Jun 24 2010
Dear Ms. Thomas,
A new Sherry Thomas book is an occasion for rejoicing; I’ve given A grades to each of your three previous books. So I had high hopes for His at Night, hopes that were stoked further by the blurb on your website. A hero playing dumb (shades of The Scarlet Pimpernel)? A desperate heroine and a marriage of convenience? Sign me up! The book got off to a slightly rocky start for me, though. More on that in a minute.
Lord Vere meets Elissande Edgerton when the houseparty he’s attending is overrun by a horde of rats. The estate of Elissande’s uncle is nearby the rat-plagued one, and so the hostess asks if Elissande can accommodate her guests while the rodent problem is being resolved.
Elissande isn’t quite sure what to do. Her uncle is away from home, and she’s alone with her frail, opium-addicted aunt. She knows her uncle, who is very private and secretive, would never allow such an invasion of his home, and she is afraid of his wrath. But as she begins to realize that houseguests – titled, wealthy, important houseguests – just might be the key to escaping her uncle’s clutches (and taking her aunt with her), she warms to the idea. She sets her sights on Lord Vere right away; he’s both the most handsome of the newly arrived guests and a marquess.
Unfortunately, Elissande discovers at dinner that night that Vere is also thick as a brick. Like, really, really dumb. So she has to re-calibrate her plans somewhat. She switches her attentions to his younger brother Freddie, an aspiring artist who feels protective of Vere, whose mental deficiencies can be traced to a riding accident that occurred when he was a teenager.
In fact, Vere’s not as dumb as he looks (or acts), and he has an ulterior motive for being in the household. And that is at the root of one of my early issues with the book – Vere’s “secret” was revealed in the opening scene, an exposition-heavy discussion between Vere and his colleagues in a secret crime-fighting unit.
I didn’t quite understand Vere and his aristocratic colleagues – they weren’t spies in the traditional sense, dealing with international espionage. Instead, they appear to be a sort of private (or quasi-government) crime-fighting unit, using their society connections to uncover various domestic crimes ranging from theft to fraud and beyond. What was never explained was why and how the unit was formed. I didn’t understand (or, honestly, buy) the origins of this rather unlikely group.
Beyond that, what struck me strongly was that I would’ve vastly preferred to be introduced to Vere, the happy idiot, and only find out the real story later. I felt that unmasking him in the first scene wasted an opportunity for a very entertaining and dramatic reveal. Perhaps I’m reaching, but I felt a bit like the reader wasn’t being trusted to follow the characters if their true natures weren’t spelled out from the first.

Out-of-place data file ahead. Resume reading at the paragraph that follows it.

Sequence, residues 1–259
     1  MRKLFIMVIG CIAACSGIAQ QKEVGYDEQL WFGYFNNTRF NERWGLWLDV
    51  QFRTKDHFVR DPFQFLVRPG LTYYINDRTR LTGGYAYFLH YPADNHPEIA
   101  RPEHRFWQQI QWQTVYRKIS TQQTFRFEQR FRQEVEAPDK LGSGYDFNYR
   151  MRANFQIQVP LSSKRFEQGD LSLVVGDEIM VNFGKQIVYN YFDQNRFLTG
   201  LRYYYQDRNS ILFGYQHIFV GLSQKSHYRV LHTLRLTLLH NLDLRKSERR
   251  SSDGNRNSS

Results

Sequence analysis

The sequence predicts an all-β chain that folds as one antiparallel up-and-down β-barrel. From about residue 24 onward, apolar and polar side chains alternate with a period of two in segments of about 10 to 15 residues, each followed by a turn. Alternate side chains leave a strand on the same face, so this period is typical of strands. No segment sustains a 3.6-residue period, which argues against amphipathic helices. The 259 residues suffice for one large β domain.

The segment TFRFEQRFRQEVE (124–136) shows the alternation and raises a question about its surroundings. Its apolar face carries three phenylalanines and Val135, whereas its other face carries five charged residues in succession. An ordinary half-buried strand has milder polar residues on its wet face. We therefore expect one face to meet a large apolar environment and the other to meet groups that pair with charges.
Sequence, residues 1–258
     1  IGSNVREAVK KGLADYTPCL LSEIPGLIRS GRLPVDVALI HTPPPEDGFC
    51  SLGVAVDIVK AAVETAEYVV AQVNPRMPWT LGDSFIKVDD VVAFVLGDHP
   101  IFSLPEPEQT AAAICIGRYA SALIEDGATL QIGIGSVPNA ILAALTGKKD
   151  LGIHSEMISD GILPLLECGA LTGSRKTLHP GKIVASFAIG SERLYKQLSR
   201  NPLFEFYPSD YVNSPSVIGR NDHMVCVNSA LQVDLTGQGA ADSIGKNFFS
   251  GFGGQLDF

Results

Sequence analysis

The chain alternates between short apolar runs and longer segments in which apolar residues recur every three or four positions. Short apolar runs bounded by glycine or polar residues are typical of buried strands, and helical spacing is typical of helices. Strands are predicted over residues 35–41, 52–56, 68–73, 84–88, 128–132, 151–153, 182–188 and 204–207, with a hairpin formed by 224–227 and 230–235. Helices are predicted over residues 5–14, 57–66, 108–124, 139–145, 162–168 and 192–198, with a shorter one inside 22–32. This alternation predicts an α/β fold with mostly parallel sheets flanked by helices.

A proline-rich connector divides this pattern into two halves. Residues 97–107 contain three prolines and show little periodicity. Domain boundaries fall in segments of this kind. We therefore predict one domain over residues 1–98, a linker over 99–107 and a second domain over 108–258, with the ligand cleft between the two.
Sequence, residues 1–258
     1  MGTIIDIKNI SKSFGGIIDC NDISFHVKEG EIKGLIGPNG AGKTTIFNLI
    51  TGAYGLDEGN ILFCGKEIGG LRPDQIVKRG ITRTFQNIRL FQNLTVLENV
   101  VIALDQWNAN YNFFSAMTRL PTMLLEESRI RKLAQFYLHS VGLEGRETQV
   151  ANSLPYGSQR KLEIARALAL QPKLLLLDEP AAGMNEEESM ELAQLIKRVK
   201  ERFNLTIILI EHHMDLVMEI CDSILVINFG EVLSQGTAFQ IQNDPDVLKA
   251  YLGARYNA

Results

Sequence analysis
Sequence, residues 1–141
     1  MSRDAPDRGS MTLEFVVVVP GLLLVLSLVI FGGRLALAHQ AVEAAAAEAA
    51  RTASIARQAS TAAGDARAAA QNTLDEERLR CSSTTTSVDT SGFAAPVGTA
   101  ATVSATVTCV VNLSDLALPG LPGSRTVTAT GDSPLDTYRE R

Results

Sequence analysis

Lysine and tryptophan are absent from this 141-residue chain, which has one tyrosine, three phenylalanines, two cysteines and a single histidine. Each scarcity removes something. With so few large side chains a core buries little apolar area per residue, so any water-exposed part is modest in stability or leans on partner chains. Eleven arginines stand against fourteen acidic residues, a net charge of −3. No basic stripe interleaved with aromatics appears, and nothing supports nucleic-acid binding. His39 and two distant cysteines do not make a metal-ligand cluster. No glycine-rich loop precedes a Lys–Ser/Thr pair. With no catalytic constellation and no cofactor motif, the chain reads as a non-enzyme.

Anyway, Vere is investigating Edmund Douglas, the wealthy owner of a South African diamond mine who is suspected of extorting money from diamond dealers. Elissande is Edmund Douglas’ niece. Douglas’ absence from home and the orchestrated rodent infestation give Vere the opportunity to search the house for evidence, and his facade means that it won’t be suspect if he, say, shows up in a room that he doesn’t belong in.
I had some qualms about Vere (called Penny, short for Spencer, by his family) from the beginning. On the one hand, a hero who is presumed to be a dimbulb is such a rarity in romance that I can’t think of another example of one (I think the closest I can come is the hero of a secondary romance in an old Mary Balogh regency – I’ve forgotten which one). Upon reading the first couple of chapters, I felt conflicted about Vere - on the one hand, he was an interesting and entertaining character, and I could see the opportunity for a juicy story based on his masquerade; on the other hand, the fact that he was deceiving everyone in his life – even his own beloved brother – was more than a bit unsavory to me. The deception of Freddie is – sort of – explained and repented for, but very late in the book. Too late for me not to spend a lot of time thinking about the fact that Penny had for half his life been perpetrating a horrible fraud on his brother, who was blameless and a very sympathetic character.